Heading into the St. Louis game I said I'd be thankful for getting back to back wins, and I am. A 17 point win after a slow start, on the road, is something to be happy about.
But here I'm going to go against the grain of holiday spirit and be selfish, or from another perspective, join the fun and get wishful and hopeful. Sure, I really wanted to win in St. Louis, but not because we'd simply get back to back wins and celebrate being 4-6; it's because I wanted to experience what would come next, riding a two-game win streak into a three-game home stand - games two and three of this stretch in primetime.
Pete Carroll summed it up during his weekly Monday morning interview; "It's great to come home right now. To get those two wins...we are going to come in raring to go again. This is important; we're looking at this second half, we are 2-0 in the second half. We're going to try and finish this thing off right and do something special with this season. Everybody in our room knows that; our guys are very determined, very tight about making something happen here, and this week is Washington."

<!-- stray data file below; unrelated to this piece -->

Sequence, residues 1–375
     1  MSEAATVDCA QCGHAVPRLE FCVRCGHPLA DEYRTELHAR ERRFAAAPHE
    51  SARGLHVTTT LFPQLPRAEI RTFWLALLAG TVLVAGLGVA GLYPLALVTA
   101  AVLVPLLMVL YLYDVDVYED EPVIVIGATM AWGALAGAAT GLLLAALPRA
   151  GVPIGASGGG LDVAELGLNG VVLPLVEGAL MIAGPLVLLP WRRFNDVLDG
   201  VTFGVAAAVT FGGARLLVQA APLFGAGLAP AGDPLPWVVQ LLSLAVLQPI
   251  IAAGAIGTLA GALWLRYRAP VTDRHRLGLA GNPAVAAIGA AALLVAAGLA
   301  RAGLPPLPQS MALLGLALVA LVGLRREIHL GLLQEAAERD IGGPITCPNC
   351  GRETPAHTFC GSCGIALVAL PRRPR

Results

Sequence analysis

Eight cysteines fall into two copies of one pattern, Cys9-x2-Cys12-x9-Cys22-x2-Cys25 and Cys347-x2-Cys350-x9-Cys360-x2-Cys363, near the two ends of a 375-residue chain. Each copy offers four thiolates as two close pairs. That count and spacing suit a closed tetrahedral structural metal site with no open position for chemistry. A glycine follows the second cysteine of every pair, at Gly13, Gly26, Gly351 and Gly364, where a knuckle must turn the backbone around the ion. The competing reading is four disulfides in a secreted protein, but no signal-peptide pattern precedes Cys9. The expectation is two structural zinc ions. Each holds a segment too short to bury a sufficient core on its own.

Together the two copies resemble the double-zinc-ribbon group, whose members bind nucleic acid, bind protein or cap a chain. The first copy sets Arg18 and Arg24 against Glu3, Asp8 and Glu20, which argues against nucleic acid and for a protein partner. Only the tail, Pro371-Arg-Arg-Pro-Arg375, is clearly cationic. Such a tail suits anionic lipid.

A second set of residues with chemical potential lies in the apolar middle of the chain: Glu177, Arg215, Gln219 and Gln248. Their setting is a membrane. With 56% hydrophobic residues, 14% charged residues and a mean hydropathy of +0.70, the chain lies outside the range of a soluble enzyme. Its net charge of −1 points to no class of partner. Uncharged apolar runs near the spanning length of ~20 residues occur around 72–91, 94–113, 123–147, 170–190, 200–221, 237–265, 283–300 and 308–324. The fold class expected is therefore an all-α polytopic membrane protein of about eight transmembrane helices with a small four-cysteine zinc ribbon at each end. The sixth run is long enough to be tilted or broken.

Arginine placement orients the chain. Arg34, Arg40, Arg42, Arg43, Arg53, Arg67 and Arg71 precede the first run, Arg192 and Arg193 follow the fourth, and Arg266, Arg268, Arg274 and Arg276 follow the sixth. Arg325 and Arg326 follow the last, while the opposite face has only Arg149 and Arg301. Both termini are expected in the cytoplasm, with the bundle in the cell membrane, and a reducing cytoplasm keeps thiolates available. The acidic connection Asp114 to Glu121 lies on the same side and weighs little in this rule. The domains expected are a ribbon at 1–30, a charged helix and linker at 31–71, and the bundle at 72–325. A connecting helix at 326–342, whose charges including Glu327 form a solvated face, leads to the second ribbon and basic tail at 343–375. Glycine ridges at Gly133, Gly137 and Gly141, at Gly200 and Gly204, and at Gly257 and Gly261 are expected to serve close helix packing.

Seattle came out of the bye without their starting quarterback for the first game plus and lost three in a row. They were peeved about being 2-6 at the midway point. Seattle had a false alarm and there was a bit of uproar after a tough losing streak. Then, the Seahawks won at home against the always tough Ravens and beat the division rival Rams on the road. Now at 4-6, with a semblance of momentum and their backs against the wall playoffs-wise; they have a chance to play at home, an advantage that can really matter, and get above .500
If they get to 6-7 maybe they have a shot at the playoffs, but coming out the other side of this home stand at 7-6 and on a five game winning streak would be pretty legit. They'd be rollin'. If you're wondering what I'm trippin' on; it's the fact that I'll be in my seat for those next four home games and intend to do nothing other than play my 1/67,000+ part in helping the ‘Hawks win those four games. Heck, we caused the Beastquake.
Looking at this from most angles - the 49ers are 9-1, Seattle just lost two starters on the offensive line and their quarterback is still hurt, not to mention the Seahawks are still only 4-6 and among the youngest teams in the league - Seattle is a long shot to make the playoffs. It's unlikely many are expecting this streak to really happen.
Even if the Seahawks are on a path to record purgatory; in the bigger picture, what I like most about this situation is that we're learning something. If this somehow turns into a barnburner of a season for the Seahawks and they have a chance, there's no denying most of this roster will be better prepared to compete and potentially win in the future. On the other hand, if they fall flat and lose a lot more this season, they will feel something they won't want to feel again.